Two members of the Florida congressional delegation–Republican U.S. Sen. Marco Rubio and Democrat U.S. Rep. Lois Frankel–are leading the charge on Capitol Hill to urge the U.S. State Department to press the Saudi government to expand human rights and release women’s rights activists.
Rubio and Frankel wrote U.S. Sec. of State Mike Pompeo on the matter on Monday. Besides the two members of the Florida delegation, U.S. Sen. Ben Cardin, D-Mary., and U.S. Rep. Ann Wagner, R-Mo., led the letter.
“We write to express our concern regarding the ongoing detention and alleged mistreatment of women’s rights defenders wrongfully imprisoned in the Kingdom of Saudi Arabia. We are deeply troubled by reports that some of the activists have been subjected to torture and abuse while in custody. In keeping with the administration’s stated priorities of upholding U.S. values and protecting national security, we urge you to publicly and privately press Saudi Arabia’s senior government officials to respect the fundamental human rights and freedoms of all Saudi citizens and to immediately release the women’s rights activists,” they wrote.
“Saudi Arabia has consistently been categorized by Freedom House and other human rights organizations as one of the worst violators of political rights and civil liberties, particularly for women. The most blatant recent example of this was the assassination of Washington Post journalist Jamal Khashoggi in October 2018. However, in May 2018, Saudi officials rounded up and arrested Saudi women’s rights activists on charges such as acting as agents of hostile foreign powers and undermining the security of Saudi Arabia. The crackdown continued in April 2019, when individuals with ties to currently jailed women activists and those supportive of social reforms were arrested. The crimes of these women and men were nothing more than exercising their fundamental right to peacefully protest their government’s repressive policies on issues pertaining to the right to drive, the male guardianship system, and the right to participate in elections. Many of those detained have yet to be indicted and there have been reports of some of the women being tortured by senior Saudi officials, including beatings, sleep deprivation, electric shocks, waterboarding, sexual harassment, sexual violence, and threats of murder,” they continued.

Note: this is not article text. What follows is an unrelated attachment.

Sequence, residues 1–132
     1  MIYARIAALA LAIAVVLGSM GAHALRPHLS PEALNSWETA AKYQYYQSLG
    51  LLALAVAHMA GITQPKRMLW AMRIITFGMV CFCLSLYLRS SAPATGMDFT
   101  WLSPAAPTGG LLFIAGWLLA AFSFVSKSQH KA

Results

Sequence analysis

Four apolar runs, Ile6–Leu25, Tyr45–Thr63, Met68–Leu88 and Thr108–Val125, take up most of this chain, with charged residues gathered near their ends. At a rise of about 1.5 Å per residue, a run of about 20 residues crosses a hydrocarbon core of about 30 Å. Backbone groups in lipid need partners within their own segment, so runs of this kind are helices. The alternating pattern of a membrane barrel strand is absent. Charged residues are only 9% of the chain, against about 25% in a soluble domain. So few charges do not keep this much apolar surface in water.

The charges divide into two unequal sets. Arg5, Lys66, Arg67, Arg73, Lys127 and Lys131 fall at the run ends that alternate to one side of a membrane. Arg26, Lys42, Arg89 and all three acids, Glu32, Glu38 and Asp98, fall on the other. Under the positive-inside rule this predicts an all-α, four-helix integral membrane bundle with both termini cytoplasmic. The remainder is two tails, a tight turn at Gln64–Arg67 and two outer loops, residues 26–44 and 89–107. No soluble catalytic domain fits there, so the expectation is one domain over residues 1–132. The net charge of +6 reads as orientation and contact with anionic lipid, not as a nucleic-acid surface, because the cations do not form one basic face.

“The strategic partnership between the United States and Saudi Arabia is in our national security interest,” they added. “However, the government of Saudi Arabia’s continued human rights abuses risk threatening that partnership and our critical work to confront many regional challenges. Therefore, we urge you to raise, both publicly and privately, the issue of the Saudi women’s rights activists and urge for their immediate and unconditional release at the highest levels of the Saudi government until they are all free. We appreciate your attention to this matter and look forward to working with you to advance human rights in Saudi Arabia and ensure a more cooperative bilateral relationship.”
More than 20 other senators and representatives signed the letter including U.S. Rep. Ted Deutch, D-Fla., the chairman of the U.S. House Middle East and North Africa Subcommittee.
Kevin Derby can be reached at firstname.lastname@example.org.